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Atomic Physics - Radioactive Decay and Stability

  • Thread starter Peter G.
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  • #1
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Hi,

Explain in terms of the number of nucleons and the forces between them, why argon-36 is stable and argon-39 is radioactive.

My first doubt regards the number of nucleons. If a nucleon is the collective number of neutrons and protons, if we take carbon 12 for example, does it have 6 or 12 nucleons?

So, from what I understand, the greater the binding energy, the greater the stability. Unstable nuclei will decay, that is, give out energy (radioactively for example) in order to approach a more stable arrangement.

Argon 39 would therefore be less stable than Argon 36 due to the fact it has three more neutrons and, hence, since neutrons weigh more than protons, have more mass, which translates into less binding energy?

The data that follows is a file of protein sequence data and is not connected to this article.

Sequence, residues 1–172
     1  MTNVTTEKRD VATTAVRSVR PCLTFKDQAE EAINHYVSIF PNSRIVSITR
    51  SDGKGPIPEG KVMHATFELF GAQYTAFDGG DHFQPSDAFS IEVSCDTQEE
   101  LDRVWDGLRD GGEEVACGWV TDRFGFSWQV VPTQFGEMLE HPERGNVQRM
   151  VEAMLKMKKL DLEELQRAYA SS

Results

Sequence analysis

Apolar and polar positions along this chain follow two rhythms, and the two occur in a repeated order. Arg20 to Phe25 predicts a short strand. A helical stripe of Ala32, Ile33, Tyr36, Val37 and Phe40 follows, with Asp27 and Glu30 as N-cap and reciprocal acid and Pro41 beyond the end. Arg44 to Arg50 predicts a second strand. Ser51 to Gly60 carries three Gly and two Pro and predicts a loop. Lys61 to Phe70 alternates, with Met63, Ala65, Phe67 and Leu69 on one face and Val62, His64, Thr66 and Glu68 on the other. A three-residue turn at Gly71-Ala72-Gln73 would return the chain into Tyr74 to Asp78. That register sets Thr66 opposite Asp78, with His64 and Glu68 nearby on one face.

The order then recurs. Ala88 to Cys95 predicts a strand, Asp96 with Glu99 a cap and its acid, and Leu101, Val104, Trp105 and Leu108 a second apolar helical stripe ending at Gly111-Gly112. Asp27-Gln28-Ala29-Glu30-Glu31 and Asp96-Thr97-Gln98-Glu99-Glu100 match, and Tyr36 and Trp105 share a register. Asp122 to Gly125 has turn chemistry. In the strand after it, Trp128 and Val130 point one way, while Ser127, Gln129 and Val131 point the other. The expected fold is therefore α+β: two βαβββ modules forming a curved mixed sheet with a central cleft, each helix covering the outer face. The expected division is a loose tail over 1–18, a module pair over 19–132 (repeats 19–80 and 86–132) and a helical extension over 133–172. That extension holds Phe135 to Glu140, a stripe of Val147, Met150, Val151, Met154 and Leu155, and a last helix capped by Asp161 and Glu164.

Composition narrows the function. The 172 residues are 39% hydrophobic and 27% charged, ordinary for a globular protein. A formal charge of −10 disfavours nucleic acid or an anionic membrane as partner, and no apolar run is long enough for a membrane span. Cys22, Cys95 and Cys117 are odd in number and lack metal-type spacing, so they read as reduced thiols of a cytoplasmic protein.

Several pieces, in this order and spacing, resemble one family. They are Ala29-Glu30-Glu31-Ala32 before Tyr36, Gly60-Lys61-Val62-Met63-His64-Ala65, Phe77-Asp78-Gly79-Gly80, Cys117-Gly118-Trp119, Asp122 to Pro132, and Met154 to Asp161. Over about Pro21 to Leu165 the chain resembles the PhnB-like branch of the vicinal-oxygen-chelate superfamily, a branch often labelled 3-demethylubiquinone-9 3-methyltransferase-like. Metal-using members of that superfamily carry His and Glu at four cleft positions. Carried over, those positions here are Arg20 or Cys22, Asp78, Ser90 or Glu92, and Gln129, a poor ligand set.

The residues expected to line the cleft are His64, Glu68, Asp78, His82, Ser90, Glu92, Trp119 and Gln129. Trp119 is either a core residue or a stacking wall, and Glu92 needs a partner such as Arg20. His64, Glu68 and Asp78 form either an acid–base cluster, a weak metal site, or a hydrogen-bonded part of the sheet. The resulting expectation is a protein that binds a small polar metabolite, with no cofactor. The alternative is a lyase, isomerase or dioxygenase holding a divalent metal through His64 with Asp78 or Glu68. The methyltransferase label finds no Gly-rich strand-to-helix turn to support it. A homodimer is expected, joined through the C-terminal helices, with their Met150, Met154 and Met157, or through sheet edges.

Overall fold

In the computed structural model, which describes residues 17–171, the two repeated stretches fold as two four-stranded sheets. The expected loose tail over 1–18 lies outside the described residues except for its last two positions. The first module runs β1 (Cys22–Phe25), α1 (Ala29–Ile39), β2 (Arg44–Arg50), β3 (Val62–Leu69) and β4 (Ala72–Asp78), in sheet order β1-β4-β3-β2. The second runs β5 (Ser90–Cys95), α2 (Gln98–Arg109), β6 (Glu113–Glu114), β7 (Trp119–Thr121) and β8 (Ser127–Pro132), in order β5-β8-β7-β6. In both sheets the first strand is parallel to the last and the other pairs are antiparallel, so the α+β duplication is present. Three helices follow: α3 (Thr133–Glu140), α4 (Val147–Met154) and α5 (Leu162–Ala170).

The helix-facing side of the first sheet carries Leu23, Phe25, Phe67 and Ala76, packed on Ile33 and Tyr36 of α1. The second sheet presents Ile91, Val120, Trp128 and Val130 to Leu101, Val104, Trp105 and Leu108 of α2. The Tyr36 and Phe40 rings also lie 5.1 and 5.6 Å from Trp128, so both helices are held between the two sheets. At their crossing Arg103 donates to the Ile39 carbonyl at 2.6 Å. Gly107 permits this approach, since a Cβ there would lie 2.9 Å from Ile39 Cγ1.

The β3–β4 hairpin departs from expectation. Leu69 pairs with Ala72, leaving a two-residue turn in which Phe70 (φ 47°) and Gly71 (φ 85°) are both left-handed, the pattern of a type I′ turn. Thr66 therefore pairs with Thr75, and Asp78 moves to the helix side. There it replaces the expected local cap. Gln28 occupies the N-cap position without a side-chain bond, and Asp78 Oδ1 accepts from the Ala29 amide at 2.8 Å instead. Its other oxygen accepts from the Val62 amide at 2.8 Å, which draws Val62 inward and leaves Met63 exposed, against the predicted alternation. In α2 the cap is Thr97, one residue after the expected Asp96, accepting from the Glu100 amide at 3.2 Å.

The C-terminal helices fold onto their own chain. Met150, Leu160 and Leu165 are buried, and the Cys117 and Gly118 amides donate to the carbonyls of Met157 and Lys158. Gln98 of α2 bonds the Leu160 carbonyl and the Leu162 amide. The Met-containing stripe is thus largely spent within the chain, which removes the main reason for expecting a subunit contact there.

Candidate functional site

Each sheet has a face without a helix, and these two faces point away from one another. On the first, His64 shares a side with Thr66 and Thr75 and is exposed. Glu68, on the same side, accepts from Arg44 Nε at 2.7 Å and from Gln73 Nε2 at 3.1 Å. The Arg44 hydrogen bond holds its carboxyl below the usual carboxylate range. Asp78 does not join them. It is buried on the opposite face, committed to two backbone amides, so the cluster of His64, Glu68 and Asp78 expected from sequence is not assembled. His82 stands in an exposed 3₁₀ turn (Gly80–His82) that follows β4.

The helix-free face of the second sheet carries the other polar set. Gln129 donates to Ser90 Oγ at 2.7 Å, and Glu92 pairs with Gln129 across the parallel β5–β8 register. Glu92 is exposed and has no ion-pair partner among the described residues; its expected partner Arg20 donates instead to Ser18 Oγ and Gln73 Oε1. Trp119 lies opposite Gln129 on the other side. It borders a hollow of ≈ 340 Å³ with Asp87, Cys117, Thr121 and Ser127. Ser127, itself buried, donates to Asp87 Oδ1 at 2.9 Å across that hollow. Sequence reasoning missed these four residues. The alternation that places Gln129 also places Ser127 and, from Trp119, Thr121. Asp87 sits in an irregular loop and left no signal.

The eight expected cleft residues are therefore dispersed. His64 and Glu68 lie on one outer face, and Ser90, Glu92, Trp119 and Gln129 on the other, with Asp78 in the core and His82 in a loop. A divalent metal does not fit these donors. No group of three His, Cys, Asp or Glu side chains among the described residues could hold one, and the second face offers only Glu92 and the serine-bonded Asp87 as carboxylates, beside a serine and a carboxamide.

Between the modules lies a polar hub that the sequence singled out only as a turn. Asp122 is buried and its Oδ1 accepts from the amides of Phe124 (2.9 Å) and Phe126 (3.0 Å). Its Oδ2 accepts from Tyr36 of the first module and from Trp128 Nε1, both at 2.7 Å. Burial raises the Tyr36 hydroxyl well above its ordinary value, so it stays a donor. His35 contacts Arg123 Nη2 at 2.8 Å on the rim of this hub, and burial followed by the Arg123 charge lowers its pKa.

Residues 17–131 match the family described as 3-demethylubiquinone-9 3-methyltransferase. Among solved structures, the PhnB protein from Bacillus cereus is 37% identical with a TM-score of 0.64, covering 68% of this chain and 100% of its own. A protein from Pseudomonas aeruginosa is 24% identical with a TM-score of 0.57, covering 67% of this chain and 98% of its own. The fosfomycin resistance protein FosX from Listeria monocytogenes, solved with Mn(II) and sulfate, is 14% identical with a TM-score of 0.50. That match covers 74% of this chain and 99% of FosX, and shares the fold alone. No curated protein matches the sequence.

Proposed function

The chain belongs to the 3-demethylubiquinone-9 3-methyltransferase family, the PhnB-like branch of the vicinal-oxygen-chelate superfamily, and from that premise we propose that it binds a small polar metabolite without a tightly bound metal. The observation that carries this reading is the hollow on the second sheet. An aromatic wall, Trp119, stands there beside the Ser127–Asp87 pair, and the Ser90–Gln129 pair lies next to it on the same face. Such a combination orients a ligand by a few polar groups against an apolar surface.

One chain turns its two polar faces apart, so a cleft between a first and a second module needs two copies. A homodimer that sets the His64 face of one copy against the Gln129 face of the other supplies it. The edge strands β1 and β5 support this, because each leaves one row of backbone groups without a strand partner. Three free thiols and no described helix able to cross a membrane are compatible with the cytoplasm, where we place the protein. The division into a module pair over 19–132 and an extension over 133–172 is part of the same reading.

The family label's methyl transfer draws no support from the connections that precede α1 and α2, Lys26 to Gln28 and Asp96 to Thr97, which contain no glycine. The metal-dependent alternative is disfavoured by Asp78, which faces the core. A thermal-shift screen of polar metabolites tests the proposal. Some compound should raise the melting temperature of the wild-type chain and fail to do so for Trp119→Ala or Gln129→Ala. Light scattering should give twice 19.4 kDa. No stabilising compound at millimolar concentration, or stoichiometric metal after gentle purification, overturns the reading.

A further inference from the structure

Does that explain why each is stable or radioactive?

Can someone please guide me with this?

Thanks!
 

Answers and Replies

  • #2
SteamKing
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The atomic number of carbon is 6. For all isotopes of carbon, there are 6 protons in the nucleus. There are different isotopes of carbon, for example, carbon 12 and carbon 14.
In the carbon 12 nucleus, there are 6 protons and 6 neutrons. In the carbon 14 nucleus, there are 6 protons and 8 neutrons.
 
  • #3
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Ok, but the y-axis of a Binding Energy curve is Binding Energy/nucleon, that is, we would get the Binding Energy of Carbon 12 and divide it by 12 or by 6?
 
  • #4
SteamKing
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You're not paying attention. Carbon 12 has 12 nucleons (= protons + neutrons)
Carbon 14 has 14 nucleons. Argon 39 has 39 nucleons
 
  • #5
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Ok, thanks got it now.
 
  • #6
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You also can't just look at the binding energy per nucleon to determine it's stability. The neutron to proton ratio also plays a role. If this ratio is too high or too low, the isotope is unstable.
 

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